There’s just one difference, his has 12,000 miles on it, so he paid $20,000 less than you did for yours. Depending on how you feel about 0 miles vs. 12,000, as much as $20,000 is your opportunity cost, because you could have had it for that, but now it’s yours and you can’t take it back.

In the case of inventory control, over-stock and duplicate product account for opportunity cost. With true “Inventory Control”, you should never have more than 1 month’s supply on hand, and you should never run out.

  • Hidden Cost. “Time is money”

Any time a staff member needs to unnecessarily deal with inventory, multiply the time spent by their salary. “How many boxes of gloves do we need?” Walk into the back storage area and start counting. “Get me a report on how much we spent on implants this month.” Go and find what and how much you purchased from whom.
Surprise! The composite you only use for certain cases is expired.
Surprise! We’re out of “x”. Quick, call the rep we buy “x” from and see if he can’t get it to us today. “Sorry, doctor, the best they can do is to overnight it and they’ll have to charge us $19 extra for shipping.” Well, Mrs. Jones is just going to have to be reappointed.
“Did we ever get credit for that bad batch of composite we returned, when was it? May? June?” Check with accounts payable and have them check the statements to see if we received credit.
You remember three months ago when supplier “Z” had a 6+1 on rubber dam clamps. Did we ever get the free goods? Can you call the rep and ask her to check that out for us?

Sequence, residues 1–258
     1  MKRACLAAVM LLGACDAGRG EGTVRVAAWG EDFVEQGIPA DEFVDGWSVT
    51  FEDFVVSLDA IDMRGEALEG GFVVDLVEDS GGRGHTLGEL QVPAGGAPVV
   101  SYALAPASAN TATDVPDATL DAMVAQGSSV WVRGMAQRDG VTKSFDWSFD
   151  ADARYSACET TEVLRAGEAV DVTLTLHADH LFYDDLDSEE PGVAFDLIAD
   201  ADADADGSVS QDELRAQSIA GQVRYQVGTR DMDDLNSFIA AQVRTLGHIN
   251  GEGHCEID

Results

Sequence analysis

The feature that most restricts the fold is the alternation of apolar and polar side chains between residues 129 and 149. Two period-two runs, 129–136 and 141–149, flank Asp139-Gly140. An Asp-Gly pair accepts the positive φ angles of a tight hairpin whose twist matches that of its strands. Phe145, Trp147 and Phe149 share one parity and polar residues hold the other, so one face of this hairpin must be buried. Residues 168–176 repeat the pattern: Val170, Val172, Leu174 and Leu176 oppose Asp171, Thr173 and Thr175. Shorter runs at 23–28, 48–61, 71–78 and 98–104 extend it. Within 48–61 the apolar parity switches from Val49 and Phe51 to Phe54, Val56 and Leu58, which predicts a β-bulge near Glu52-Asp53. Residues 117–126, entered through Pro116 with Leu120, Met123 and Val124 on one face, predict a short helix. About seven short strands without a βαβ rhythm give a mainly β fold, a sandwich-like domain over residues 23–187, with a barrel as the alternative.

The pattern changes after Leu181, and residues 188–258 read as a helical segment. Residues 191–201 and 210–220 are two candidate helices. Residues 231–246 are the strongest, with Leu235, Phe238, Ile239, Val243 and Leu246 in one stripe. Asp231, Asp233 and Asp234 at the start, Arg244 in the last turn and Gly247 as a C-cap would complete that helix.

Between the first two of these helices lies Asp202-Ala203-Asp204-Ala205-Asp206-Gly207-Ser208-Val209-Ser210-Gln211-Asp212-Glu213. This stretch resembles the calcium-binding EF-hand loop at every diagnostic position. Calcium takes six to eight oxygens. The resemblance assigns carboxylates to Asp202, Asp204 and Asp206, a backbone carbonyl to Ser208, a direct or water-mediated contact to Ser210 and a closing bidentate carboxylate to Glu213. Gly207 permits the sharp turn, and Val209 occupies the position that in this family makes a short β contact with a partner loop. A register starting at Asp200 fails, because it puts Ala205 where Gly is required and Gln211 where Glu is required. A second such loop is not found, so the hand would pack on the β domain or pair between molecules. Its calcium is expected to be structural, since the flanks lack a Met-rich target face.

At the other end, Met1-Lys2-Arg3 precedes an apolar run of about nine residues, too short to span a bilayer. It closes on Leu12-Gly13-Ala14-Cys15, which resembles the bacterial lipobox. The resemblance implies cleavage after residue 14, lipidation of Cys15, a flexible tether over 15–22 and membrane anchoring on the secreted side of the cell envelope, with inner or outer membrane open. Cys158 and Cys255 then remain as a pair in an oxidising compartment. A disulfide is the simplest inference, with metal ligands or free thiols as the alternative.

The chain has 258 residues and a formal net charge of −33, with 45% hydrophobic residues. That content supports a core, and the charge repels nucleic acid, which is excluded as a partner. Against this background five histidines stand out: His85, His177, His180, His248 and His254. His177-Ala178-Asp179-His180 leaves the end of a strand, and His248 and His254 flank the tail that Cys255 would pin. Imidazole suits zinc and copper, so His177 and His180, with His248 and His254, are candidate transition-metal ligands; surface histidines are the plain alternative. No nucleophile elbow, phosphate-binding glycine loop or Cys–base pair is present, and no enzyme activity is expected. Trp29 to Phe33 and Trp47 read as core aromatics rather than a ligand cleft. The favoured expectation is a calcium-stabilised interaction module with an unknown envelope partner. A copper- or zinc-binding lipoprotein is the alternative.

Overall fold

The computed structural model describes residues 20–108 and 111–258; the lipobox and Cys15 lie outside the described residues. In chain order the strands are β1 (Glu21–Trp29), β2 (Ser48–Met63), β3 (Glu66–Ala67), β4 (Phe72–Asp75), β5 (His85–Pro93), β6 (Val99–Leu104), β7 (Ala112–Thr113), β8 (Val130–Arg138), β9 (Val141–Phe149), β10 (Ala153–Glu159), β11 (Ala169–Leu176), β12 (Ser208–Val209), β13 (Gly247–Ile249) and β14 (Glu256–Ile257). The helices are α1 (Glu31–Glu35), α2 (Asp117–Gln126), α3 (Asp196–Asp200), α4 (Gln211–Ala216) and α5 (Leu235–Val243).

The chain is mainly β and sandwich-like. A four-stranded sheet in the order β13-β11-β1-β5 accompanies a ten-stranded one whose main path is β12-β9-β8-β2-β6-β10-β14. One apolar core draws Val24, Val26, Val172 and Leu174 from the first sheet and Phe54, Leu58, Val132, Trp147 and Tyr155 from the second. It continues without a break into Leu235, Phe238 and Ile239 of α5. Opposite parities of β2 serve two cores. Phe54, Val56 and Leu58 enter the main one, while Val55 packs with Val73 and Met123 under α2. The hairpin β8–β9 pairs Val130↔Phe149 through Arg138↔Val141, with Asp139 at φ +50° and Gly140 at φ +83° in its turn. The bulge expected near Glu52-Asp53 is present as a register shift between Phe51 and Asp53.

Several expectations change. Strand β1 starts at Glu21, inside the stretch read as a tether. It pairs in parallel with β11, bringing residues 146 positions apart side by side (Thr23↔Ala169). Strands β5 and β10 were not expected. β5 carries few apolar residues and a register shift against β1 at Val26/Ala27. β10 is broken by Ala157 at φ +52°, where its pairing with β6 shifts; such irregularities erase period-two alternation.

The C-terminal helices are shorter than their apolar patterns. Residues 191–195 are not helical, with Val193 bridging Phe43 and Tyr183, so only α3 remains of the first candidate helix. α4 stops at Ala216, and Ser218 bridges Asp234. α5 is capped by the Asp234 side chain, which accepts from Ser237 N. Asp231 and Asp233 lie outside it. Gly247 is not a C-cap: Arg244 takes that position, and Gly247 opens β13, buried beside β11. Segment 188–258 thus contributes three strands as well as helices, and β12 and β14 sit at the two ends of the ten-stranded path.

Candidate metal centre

And, remember what Oscar Levant said, “A dollar saved is a quarter earned.” Every hour you spend going the rounds online, or through catalogues, or on the phone looking for the best price better be more than offset by that great price you’ve found. Because why? Because time is money.

I have no dog in the supply cost fight, so I have nothing to gain by telling you this: settle on a primary supplier and a secondary supplier. Then, determine who you will use by them providing you a list of what they’ll charge you, or what blanket discount they’ll give you. From my observations I can practically guarantee you that you’re not getting significant savings by shopping every order.

Now, if you’re like my dear departed mother and get your groceries by looking at all the ads on Wednesday, making a list of what to get where, then spend hours driving around town burning gas to get the best prices, you probably won’t get this. When someone purchases our system, we get a 12-month purchase history from them, which we convert to s spreadsheet and upload to our inventory control system. I keep a database of products and prices fore all the major suppliers so that I can just plug the customers’ info in and use that for their upload data. I can tell you that the cost savings from customer to customer over time is insignificant, unless you want to spend your practice’s valuable time cherry-picking prices.

So, in summary (finally, huh?), an inventory control system provides you with a way to control price, opportunity cost, and hidden costs. With a proper system, you will never be over-stocked, run out, have to dispose of expired product, or find that you’re duplicating efforts and goods.


Our dental practice inventory control system is called “Grasshopper Mouse”. It’s the only complete system developed by dental professionals for dental practices. It can be found at